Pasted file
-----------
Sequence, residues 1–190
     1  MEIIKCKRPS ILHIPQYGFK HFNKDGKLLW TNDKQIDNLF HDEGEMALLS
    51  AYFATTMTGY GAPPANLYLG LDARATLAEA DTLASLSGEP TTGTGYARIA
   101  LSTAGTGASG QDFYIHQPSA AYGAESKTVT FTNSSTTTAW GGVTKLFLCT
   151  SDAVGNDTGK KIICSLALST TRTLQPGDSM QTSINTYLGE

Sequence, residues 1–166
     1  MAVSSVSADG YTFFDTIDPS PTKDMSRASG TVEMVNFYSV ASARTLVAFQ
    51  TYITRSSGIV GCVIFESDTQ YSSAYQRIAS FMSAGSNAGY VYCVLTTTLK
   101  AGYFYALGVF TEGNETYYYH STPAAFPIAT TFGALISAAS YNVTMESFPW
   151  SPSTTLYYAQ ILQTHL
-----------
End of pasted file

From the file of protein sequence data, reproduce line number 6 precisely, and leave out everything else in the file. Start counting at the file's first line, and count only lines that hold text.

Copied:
Sequence, residues 1–166